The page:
I have these two classes (Getter/Setter/Constructor omitted):

public class Company {
    private String name;
    private String adress;
    private List<Employee> employees;
    private Uuid id;

public class Employee {
    private String name;
    private int age;
    private Uuid id;

The two entities and their relationship are modeled in a relational database using the tables COMPANY, EMPLOYEE and EMPLOYMENT.

Now I want to write the DAO classes to manage persistance of the two entities and their relationship. The easy way would be making a DAO for each one and have the CompanyDao use the EmployeeDao internally. But according to some Stackoverflow answers I've read, this is a design smell and should be refactored into service methods which use the DAOs without them having to depend on each other.

This is the way I would implement this service method:

public class DBService {
    public DBService(CompanyDao companyDao, EmployeeDao employeeDao,
                     EmploymentDao employmentDao) { ... }

    public Company findCompany(Uuid companyId) {
        Company company = companyDao.find(companyId);
        List<Uuid> employeeIds = employmentDao.findEmployeeIds(company.getId());
        for(Uuid employeeId : employeeIds) {

Is this a good way to do this? Or should the EmployeeDao have a findByCompany(Uuid companyId) method?

Info: I already asked a smiliar question on Stackoverflow, but the only answers I got was "Use an ORM tool". I know that something like Hibernate would manage all of the persistance for me, but I would like to know how to do this by hand.

  • Do you need to handle Employee-objects independently, without a Company object? – COME FROM Jun 20 '16 at 11:35
  • @COMEFROM This was only an example, but yes, the Employees might be used on their own. – Luca Fülbier Jun 20 '16 at 16:42
  • Ok. I don't think this question can be answered without knowing the reasons behind the design decision of having direct object references Company->Employee. If Employee is an independent entity (and not only a part of a Company as an aggregate), then the decision is not obvious. Using an ORM does not solve this design issue either. It only helps with the implementation. – COME FROM Jun 21 '16 at 12:00
  • What is the problem with Employee being a separate Entity? Like i said in my answer, i also have Company and Employee as separate entities in my database and a relationship table that links them. Doesn't this directly translate to Employee being a field of Company? – Luca Fülbier Jun 21 '16 at 14:03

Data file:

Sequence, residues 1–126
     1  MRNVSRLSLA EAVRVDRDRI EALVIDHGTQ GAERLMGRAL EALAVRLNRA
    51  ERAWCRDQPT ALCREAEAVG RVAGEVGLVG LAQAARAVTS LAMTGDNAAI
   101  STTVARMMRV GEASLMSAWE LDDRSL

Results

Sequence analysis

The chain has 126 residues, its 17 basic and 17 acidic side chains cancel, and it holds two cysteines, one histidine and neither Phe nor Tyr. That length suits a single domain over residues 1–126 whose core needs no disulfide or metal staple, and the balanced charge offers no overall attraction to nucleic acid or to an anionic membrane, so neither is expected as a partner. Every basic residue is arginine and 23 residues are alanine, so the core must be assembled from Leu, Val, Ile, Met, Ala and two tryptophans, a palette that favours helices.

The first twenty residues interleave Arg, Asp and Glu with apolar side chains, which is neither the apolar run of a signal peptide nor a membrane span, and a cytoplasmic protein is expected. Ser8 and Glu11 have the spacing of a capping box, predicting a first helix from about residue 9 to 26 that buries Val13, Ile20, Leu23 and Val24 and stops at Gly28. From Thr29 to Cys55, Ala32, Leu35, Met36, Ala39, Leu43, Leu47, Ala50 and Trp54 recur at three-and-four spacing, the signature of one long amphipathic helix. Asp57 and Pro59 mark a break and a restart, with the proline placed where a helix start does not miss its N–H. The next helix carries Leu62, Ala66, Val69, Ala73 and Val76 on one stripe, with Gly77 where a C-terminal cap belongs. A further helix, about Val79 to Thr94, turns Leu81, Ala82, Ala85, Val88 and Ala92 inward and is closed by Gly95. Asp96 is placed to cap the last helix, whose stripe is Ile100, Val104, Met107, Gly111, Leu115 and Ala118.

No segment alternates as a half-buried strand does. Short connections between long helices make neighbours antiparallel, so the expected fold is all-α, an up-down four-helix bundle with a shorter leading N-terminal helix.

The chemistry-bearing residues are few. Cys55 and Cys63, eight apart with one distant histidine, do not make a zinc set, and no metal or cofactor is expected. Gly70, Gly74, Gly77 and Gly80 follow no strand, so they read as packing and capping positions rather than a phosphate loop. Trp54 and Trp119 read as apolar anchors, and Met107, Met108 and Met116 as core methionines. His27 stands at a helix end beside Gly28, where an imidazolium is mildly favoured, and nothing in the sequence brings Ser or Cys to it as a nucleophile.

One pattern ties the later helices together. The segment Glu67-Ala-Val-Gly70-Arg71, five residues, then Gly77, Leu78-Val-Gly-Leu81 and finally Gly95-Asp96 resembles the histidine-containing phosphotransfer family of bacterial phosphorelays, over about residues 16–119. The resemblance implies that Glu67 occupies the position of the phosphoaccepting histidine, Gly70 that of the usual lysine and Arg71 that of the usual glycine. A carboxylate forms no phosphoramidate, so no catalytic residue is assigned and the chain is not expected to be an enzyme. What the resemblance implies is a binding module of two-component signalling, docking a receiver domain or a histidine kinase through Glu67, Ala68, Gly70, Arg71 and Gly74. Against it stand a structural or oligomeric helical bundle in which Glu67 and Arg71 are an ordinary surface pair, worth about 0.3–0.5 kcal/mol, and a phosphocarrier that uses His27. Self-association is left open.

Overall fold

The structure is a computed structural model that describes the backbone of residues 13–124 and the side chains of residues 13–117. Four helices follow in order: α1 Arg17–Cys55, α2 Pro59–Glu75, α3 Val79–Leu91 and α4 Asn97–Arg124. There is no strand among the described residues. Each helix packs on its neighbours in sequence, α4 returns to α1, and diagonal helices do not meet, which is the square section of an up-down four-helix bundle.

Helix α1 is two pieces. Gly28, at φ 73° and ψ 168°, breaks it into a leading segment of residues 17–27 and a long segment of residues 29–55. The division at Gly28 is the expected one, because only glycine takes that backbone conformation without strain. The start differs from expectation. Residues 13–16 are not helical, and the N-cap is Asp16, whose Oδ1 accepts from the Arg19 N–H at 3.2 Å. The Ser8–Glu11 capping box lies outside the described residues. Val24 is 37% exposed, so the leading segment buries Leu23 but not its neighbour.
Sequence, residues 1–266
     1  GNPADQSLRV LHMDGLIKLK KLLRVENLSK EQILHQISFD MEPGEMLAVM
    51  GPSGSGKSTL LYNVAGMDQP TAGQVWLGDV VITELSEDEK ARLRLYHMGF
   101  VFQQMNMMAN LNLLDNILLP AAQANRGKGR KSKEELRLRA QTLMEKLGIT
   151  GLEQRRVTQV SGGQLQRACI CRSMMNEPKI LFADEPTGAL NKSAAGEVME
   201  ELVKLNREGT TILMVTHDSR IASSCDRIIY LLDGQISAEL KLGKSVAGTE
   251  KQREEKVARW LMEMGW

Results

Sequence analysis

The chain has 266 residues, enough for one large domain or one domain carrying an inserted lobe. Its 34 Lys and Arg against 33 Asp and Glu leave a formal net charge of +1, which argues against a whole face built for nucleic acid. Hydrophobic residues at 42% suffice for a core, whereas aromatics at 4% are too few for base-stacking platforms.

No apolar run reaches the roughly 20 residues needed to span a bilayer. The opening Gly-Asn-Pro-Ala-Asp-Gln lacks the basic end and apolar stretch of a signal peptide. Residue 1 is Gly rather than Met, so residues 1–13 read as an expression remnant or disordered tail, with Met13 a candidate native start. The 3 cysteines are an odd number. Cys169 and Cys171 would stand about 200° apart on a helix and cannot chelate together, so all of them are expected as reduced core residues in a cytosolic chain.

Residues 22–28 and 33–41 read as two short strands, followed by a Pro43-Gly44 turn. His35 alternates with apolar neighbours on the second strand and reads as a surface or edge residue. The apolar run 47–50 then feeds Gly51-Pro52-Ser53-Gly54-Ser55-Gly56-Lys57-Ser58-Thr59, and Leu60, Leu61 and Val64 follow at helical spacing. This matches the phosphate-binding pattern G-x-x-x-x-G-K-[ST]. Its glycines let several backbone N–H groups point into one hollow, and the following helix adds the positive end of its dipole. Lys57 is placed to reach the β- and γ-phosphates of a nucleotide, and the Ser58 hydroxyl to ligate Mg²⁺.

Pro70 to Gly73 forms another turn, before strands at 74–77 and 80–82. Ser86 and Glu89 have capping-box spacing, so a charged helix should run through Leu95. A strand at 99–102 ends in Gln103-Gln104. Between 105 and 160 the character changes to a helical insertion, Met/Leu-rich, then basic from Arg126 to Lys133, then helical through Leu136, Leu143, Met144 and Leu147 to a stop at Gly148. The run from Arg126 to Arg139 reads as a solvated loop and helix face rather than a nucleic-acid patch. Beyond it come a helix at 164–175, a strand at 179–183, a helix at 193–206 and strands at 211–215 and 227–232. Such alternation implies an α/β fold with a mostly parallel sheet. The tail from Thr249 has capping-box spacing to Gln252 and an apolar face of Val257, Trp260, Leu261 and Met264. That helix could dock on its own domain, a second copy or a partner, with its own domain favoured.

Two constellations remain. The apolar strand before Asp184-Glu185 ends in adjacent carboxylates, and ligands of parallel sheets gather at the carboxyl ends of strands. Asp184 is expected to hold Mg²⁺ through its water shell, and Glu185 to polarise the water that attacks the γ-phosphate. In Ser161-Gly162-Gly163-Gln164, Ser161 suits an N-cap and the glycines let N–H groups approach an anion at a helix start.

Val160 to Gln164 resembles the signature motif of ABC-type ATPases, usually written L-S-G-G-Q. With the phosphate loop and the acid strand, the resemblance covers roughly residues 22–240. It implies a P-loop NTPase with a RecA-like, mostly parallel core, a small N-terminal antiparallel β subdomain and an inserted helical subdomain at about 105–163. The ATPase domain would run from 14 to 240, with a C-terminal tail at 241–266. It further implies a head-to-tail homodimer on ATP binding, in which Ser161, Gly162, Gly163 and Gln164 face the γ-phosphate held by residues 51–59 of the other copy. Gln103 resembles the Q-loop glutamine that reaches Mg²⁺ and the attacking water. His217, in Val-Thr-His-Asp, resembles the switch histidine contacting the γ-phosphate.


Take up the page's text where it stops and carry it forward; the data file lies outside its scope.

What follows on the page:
• No, relationships of entities don't directly translate to object references. It's always a design choice. Choosing direct object references by default lead to large aggregates which will hurt scalability and performance. It's hard to keep all data consistent while juggling large snapshots of data in memory for many sessions and users. – COME FROM Jun 21 '16 at 15:00

The easy way would be making a DAO for each one and have the CompanyDao use the EmployeeDao internally.

Due to no link to StackOverflow has been shared, I just want to mention why is code smell.

In short:

  • it would introduce undesirable coupling. Potentially one of the DAOs would end up subordinated to the other.

  • It has all the recipes for a circular dependency. See also Circular references.

Regarding to the code (the exmaple of DBService)

Is this a good way to do this?

So far, the code is at the doors of the well known Repository pattern (despite the actual name) which is broadly adopted by the community. You will find many references to the pattern looking for DDD.

The Repository pattern introduced in Eric Evans' DDD, has nothing to do with the implementation details, so the implementation will vary according to the specific requirements and needs.

What doesn't vary is the concept. The purpose.

So, based only in the info you provide, I would say that you are doing fairly good.

  • It has been quite a while since i asked this. I solved it pretty much the way you described, adding a DAO for every entity (encapsulating the low-level data access for different databases, like MySQL and SQLite) and adding a higher-level repository, which coordinates the cross-DAO coordination of actions that require changes in different places. Works like a charm. I would however recommend using some kind of dependency injection or a builder pattern to reduce the overall dependency clutter for the repositories (the constructor in the original post is quite long already). – Luca Fülbier May 25 '17 at 6:07
  • At least you have experienced the drawbacks of manually DI. Plus it (I guess) exposed a weakness in your design (oversized dependencies) and that's good. – Laiv May 25 '17 at 6:28

I suggest a high symmetry. So if you have an entity you should have a DAO. The DAO should serve only one entity. (principle of least surprise)

You also should keep dependencies short so a DAO is only responsible for its entity and the resolution of direct neighbours. (Law of demeter)

In an architecture of mine I use other DAOs within DAOSs. But the behavior I use from other DAOs is nothing about "loading" or "persisting". I only use map-methods to create a new representation for each entity for the higher layer.

By the way: This has nothing to do with hibernate an ORM tools. They only decrease mapping effort and support loading, persisting and caching strategies. But all of this should be encapsulated in the DAO layer either so higher layers can abstract from those technical details.

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